Food varies considerably in price depending on where you shop and whether you buy local, regional or food with so many air miles it can travel first class forever.
Local food is grown in parts of the UAE. Previously, it was mostly herbs, peppers and tomatoes, but now it is possible to buy cucumbers, courgettes and eggplants as well. A lot of it is grown hydroponically and some of it is organic. The organic movement is really taking off here. And there is an organic supermarket/restaurant on Sheik Zayed Rd; however, I tend to buy my organic produce from the Co-op as it is cheaper.
By regional food, I mean food from nearby. A lot of food comes from Lebanon and Oman. The more reasonably priced potatoes come from Lebanon. Further afield, a lot of fruit and vegetables now come from Pakistan, India, Iran, Egypt, Tunisia, South Africa or Kenya. It is an international experience on a daily basis eating in Dubai. But the pricier items come from the USA or Europe, and a lot of hydroponic food comes from Holland. Apples tend to come from the USA all year round. I do not know how they manage that. But they come seasonally from France, Italy and New Zealand. Spain is my country of choice for oranges at about a quarter the price of the bigger, less tasty American ones. I spend a lot of time comparing prices of fruit with country of origin, but in the end my decision is usually based on flavor, and it is not the case that the most flavorsome foods are the most expensive. How lucky is that?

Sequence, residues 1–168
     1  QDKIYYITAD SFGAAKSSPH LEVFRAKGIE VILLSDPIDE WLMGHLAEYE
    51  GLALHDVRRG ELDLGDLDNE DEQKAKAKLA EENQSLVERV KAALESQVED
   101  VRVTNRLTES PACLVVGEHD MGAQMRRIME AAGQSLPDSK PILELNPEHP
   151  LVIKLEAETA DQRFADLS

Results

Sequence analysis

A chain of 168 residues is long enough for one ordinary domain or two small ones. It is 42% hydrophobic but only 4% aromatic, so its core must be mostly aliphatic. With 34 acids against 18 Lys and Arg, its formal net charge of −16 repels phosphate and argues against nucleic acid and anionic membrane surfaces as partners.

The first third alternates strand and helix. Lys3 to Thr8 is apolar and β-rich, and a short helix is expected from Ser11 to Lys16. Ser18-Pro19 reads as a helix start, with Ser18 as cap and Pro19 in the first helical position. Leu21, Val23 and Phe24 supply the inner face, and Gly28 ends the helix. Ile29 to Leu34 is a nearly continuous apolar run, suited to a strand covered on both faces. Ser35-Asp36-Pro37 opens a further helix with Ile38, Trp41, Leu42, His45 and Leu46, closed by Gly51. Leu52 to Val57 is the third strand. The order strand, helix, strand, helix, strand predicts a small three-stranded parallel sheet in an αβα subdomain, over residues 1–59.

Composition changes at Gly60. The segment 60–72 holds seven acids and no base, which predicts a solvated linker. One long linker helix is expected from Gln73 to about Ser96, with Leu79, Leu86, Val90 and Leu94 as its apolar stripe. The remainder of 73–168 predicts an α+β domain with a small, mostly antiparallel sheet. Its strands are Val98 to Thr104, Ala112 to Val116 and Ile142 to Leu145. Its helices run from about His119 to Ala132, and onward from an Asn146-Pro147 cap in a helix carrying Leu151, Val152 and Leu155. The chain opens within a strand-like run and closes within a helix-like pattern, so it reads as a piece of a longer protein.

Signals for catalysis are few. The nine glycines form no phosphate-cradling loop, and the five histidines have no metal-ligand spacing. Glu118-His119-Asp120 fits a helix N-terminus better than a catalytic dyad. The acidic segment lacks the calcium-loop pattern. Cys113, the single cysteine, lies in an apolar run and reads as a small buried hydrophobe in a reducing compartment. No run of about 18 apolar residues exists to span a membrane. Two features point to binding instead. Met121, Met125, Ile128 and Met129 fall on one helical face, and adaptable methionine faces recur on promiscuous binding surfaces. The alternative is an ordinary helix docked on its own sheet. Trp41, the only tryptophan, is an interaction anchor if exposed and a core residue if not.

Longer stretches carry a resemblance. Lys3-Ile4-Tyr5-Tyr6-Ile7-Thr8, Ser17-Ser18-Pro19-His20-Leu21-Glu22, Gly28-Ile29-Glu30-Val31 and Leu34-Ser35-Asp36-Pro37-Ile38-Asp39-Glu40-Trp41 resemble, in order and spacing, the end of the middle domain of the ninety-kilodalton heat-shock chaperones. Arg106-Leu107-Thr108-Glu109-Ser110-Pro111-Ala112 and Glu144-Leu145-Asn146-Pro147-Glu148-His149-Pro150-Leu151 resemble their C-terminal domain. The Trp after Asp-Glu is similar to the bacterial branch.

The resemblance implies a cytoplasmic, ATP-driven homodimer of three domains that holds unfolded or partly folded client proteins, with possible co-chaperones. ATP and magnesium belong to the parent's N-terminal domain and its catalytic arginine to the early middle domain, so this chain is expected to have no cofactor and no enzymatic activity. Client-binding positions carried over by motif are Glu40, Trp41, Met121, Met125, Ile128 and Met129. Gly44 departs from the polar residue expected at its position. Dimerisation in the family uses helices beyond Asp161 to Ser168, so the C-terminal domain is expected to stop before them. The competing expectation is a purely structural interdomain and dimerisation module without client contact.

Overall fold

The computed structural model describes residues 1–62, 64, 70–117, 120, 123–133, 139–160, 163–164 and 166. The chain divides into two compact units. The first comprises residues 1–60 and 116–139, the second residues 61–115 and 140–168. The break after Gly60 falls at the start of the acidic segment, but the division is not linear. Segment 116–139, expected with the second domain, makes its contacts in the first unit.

Meat, like fruit and vegetables, varies according to country of origin. The cheaper meat comes from India and Kenya. But most of the meat comes from New Zealand, Australia and more recently the UK, Ireland and Argentina. The food miles really do add up, but I do not find the prices exorbitant when you consider the distances traveled. Cheese takes a similar route to the UAE, and seems expensive to me.
Pulses such as lentils and dried beans are a really good price. Nuts, especially almonds, have inflated in price greatly but that may be due to their reputed health benefits. Dried fruit is reasonably priced.
It is possible to eat well for less than you might imagine considering the distance much of the food travels. Everything is available all year round, which is not necessarily a good thing but that is another article.
One of the choices you need to make when considering the cost of food is what supermarket to go to. The big names starting with the most expensive are: Waitrose, Spinneys, Carrefour, Hypermarket, Choitrams and the Co-op. Sometimes that food I really crave has to be bought no matter the price and that is when I head for Waitrose.
Finally, it is also possible to shop at fish markets as well as fruit and vegetable markets depending on the time of year and the area you live in. Apart from during the hellishly hot part of the summer, there are several organic markets in Dubai where you can buy from the grower.
I have not even touched on clothes. You can spend as much or as little as you like on clothes in Dubai and have a wide range to choose from. But, on the whole, the price in dirhams will seem high if compared to the original price in the UK especially when you consider that there is no VAT in Dubai. Keep in mind that there are really good sales and an excellent Outlet Mall. It is all here, and half the fun is looking for it.